Congratulations on the birth of your twins and Happy Mother's Day VroomieMama!
I exclusively pump and have been for over a year. I struggled with supply a bit at the beginning and occasionally over the last year and below are a few things that I noticed. Every mama is different, so these may or may not be true for you, but in case they help, here they are:
--For me, stress was the number one thing that seems to reduce my supply. When I pump and am thinking/worrying about how much milk I'm going to get *while* pumping, I tend to get less milk. I've found that when I'm focusing on something else while pumping, I get a lot more milk. I have a hands-free band, so I can do a lot of other things while I pump. Some of the things I like to do while I'm pumping are: watch/talk with my partner and daughter if they are awake (I do pump at least once while they are sleeping); catch up on emails or other online stuff; read or watch TV; make phone calls; play a game; write thank you notes or other correspondence; during the holidays, wrap presents.
--In the beginning, I did jot down how much I pumped each time I pumped and what time it was. it provided an objective measure of whether or not my supply was increasing, but I was careful to look at it in a big picture...seeing the trend over a few days rather than a just pump-to-pump
--Reduced fluids seemed to really reduce my supply. Every time my supply has declined a bit, I've increased how much water and other fluids I'm drinking (even if I'm not thirsty) and that really seems to help.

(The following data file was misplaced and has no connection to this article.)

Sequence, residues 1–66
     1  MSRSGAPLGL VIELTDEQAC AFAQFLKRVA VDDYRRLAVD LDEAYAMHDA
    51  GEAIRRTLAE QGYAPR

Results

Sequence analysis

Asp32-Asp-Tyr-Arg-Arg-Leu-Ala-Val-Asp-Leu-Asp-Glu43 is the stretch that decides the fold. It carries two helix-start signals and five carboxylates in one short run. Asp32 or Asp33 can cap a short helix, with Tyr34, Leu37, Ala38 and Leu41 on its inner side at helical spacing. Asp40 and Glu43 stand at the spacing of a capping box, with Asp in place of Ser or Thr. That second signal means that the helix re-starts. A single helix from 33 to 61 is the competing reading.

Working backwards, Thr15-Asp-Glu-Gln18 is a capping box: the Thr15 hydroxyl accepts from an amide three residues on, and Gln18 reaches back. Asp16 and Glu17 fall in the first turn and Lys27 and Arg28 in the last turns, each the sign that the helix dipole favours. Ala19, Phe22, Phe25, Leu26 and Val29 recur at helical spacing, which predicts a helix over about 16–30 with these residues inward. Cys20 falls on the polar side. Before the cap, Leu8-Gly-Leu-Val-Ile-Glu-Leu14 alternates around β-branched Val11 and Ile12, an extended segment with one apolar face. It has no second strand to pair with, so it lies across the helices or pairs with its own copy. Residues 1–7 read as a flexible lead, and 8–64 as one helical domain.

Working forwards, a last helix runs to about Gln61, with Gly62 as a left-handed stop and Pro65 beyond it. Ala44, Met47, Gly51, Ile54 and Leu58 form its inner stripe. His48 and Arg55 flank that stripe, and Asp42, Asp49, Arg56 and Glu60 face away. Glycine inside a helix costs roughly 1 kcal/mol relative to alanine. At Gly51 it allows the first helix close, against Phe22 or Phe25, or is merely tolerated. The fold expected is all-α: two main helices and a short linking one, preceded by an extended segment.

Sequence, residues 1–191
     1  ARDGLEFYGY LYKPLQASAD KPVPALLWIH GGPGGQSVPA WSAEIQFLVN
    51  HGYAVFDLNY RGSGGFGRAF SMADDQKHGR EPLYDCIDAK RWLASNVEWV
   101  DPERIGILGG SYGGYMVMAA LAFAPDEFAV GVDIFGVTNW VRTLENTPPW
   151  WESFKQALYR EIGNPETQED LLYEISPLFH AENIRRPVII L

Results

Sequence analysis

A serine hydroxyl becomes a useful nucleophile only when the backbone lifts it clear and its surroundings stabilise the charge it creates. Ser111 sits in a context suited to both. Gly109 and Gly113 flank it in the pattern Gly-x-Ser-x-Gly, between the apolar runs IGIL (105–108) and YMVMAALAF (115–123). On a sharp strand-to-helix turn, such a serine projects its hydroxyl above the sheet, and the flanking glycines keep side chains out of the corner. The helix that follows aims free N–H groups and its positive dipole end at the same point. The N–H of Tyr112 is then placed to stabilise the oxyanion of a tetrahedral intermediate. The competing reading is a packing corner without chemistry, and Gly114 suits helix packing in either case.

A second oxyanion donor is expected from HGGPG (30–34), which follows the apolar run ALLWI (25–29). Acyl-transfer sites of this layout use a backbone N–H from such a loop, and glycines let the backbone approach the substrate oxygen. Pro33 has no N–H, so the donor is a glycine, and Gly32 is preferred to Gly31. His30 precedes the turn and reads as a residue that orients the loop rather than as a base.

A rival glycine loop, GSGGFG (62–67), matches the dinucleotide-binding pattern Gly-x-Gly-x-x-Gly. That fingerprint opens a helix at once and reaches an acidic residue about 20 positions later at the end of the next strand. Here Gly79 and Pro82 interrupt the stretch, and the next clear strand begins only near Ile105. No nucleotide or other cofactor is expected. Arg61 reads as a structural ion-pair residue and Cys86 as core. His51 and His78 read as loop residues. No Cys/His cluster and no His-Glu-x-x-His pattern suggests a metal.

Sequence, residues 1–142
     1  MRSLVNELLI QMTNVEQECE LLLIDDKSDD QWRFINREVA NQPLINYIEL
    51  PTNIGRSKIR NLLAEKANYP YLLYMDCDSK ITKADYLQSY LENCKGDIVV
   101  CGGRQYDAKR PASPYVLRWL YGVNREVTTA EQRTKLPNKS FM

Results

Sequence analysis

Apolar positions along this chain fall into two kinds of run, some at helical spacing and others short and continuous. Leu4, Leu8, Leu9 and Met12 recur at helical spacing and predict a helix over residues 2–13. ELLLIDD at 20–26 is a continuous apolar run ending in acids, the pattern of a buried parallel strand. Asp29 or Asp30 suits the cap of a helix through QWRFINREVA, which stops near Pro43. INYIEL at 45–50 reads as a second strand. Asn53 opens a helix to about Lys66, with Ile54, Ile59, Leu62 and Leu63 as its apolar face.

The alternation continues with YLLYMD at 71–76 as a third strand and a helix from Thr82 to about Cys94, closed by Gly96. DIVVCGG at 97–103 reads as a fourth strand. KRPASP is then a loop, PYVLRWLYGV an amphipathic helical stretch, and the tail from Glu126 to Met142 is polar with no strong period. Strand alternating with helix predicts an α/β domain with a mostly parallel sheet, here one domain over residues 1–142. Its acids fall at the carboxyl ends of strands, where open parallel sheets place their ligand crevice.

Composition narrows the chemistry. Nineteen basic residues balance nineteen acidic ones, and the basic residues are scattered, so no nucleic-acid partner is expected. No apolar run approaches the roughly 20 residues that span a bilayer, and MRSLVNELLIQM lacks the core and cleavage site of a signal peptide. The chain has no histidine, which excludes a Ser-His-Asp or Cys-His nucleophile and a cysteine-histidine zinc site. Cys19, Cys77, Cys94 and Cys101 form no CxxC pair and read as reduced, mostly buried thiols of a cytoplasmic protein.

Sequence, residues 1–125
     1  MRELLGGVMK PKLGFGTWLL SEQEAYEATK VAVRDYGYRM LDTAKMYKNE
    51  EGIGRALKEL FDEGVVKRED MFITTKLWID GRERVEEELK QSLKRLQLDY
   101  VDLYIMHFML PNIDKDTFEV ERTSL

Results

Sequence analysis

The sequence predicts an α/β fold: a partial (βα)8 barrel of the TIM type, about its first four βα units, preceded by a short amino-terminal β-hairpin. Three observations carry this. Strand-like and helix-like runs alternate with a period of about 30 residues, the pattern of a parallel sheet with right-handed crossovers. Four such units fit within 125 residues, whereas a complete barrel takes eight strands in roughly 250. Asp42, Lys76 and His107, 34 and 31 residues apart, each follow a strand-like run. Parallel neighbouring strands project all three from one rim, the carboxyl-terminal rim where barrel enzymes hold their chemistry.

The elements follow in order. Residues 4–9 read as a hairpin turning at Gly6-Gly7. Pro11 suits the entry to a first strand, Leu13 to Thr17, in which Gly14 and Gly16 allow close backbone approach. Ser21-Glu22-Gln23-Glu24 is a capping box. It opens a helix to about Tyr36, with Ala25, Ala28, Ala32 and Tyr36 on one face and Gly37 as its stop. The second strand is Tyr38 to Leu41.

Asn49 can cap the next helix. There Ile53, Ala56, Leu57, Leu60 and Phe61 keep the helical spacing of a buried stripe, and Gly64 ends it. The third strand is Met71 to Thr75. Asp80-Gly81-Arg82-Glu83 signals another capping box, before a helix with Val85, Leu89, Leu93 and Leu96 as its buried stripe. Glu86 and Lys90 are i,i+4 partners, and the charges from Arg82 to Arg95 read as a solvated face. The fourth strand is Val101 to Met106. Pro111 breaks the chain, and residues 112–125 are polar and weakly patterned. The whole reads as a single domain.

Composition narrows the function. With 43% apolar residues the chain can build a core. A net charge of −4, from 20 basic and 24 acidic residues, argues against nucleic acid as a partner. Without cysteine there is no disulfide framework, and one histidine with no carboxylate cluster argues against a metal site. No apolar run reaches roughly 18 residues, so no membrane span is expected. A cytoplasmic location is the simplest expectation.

--Increased protein seems to help. When my supply declines a bit, I try to increase my intake of protein and that usually helps.
--Rest. When I'm tired, my supply always declines a bit. This was especially hard during the newborn time, but as my daughter slept more at a time, I slept more at a time which in turn seemed to increase my supply.
--Being sick. Everytime I've had a cold or something, my supply has decreased a bit, but increases when I get over the cold or whatnot.
--Switching pumps and settings on the pump. I have 2 pumps at home, but I primarily use the hospital-grade Medela Lactina. I used a different hospital-grade one when I was in the hospital; I think it was the Medela Classic. (I know you mentioned that you were using a hospital-grade one, so I hope that helps!) I definitely found the hospital-grade pump much better than the personal pump, but what I really found made the different was experimenting and varying the level of speed and strength of suction. On the hospital-grade pumps these are separate dials and adjusting these independently really helped me. The personal pump I have (the Medela Pump in Style Advanced) has one control that adjusts both the level of speed and strength of suction and isn't nearly as good for me.
--Pumping more often and pumping for a few minutes past when I'm not getting anything (but not so long that I get sore).
I'll thinking of you and hoping for the best for you!
PS Yes, I'm pumping while I posted this!